By a single vote on Monday, the Indianapolis City-County Council approved a measure to mandate any guns lost or stolen be reported to police under threat of a fine.
The measure, introduced in July by Counselor Kip Tew, would require gun owners to contact the Indianapolis Metropolitan Police Department within 48 hours of discovering a firearm missing. It passed by a 15-14 vote along party lines in the face of a promised veto by Republican Mayor Greg Ballard.
Despite the partisan support for the issue, the proposal’s sponsor contends its not about gun control.
“This is going to be a tool helpful to law enforcement that had difficulty tracking these weapons when people commit crimes. And this is a way to check back to see where these guns originated from,” Tew said.
The proposed ordinance originally called for reports to be made to the County Health Department, but later amended the language to make reports instead to the police. Those who fail to make such reports would be liable for a token $50 fine plus court costs per gun.
The Mayor’s office, city attorneys and council GOP members argue the proposed law is a step too far and violates Indiana’s strong gun preemption laws adopted in 2011, opening the city for a possible action from either the state attorney general or from Second Amendment advocates.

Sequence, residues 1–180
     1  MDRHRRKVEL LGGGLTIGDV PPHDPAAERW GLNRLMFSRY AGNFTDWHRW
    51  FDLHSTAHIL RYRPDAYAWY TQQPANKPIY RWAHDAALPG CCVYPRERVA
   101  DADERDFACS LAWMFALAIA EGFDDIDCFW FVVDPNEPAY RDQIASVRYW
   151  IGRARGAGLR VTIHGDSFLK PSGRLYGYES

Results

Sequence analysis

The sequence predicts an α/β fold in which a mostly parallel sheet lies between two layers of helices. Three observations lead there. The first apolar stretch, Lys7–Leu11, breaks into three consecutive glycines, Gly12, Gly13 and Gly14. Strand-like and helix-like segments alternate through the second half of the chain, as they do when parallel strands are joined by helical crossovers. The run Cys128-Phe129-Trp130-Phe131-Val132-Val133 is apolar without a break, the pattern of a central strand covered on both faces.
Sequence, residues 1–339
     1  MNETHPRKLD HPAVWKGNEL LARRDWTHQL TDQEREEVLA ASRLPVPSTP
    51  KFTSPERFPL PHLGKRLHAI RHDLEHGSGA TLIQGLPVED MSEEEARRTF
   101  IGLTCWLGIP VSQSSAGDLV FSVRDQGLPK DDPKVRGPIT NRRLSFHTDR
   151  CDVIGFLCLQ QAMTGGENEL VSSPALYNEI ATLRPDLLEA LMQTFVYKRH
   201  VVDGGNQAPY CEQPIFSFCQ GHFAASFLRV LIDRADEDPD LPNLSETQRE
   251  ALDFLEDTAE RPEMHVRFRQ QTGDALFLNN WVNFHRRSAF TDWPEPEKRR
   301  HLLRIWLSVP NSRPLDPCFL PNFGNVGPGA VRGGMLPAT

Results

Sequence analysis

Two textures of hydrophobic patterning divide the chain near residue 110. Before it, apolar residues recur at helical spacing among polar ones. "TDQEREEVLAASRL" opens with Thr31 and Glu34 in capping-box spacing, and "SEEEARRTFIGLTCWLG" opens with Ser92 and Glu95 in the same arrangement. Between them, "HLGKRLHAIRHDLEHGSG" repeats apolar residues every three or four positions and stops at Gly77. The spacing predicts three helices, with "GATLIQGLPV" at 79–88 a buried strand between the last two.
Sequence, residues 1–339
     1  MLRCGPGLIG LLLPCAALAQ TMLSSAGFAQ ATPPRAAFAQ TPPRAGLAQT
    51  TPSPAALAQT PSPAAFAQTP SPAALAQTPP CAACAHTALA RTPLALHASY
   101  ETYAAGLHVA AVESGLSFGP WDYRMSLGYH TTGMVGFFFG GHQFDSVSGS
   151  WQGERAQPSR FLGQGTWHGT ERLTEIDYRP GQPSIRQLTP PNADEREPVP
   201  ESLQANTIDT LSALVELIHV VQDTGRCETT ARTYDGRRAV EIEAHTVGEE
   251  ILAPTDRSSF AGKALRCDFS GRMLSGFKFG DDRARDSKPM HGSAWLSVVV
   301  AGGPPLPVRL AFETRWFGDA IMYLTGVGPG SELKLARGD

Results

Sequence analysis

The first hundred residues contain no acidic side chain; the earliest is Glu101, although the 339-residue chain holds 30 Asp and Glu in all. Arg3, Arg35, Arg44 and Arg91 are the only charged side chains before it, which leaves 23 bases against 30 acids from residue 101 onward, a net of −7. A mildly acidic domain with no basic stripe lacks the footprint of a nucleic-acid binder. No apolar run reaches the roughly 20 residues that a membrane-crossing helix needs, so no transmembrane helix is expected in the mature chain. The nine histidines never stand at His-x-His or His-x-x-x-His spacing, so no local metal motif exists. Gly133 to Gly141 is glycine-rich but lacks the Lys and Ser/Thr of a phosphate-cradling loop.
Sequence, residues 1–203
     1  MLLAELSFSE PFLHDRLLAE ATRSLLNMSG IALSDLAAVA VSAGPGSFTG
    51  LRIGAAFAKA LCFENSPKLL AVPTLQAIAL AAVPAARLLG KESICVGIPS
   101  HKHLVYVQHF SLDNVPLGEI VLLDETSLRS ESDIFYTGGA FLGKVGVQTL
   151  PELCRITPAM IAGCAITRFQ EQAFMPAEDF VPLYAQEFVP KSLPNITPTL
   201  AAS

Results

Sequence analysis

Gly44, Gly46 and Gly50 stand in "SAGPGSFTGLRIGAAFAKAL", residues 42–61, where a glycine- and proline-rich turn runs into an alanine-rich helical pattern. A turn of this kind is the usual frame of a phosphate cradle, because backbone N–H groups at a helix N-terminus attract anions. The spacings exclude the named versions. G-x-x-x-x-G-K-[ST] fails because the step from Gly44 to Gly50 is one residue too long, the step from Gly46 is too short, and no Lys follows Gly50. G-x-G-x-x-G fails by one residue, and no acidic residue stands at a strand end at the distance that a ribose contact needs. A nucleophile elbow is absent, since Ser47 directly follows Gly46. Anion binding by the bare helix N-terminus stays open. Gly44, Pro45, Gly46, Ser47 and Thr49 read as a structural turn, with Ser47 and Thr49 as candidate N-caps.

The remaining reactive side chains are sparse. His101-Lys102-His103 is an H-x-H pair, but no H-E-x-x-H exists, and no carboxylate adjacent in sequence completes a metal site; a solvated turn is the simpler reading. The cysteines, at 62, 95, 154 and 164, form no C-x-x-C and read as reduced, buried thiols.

“As things stand now, he has some significant concerns about the legality and the timing of the proposal,” said Jen Pittman, with Ballard’s office.
While agreeing the ordinance would be in violation of state law, area Second Amendment attorney Guy Relford pointed out on his Gun Guy Show on WIBC Radio that the measure also targets victims of a crime by potentially fining them for being robbed and is unenforceable as there is no gun registry in the state making the prospect of proving individual ownership of recovered stolen guns for the prospect of assessing violations of the law unlikely.
Indianapolis is something of a municipal battleground for gun rights vs. gun safety advocates, being the hometown of Moms Demand Action founder Shannon Watts while simultaneously hosting the 2014 National Rifle Association’s Annual Meetings & Exhibits.
Tew is a well-known crusader for the left and was the state chair of the Barack Obama Presidential campaign in Indiana and former chair of the Indiana Democratic party.
Mayor Ballard, a retired Marine Lt.Colonel who has backed requiring mandatory minimum sentences for those convicted of gun crimes, is expected to take action on the bill in coming days.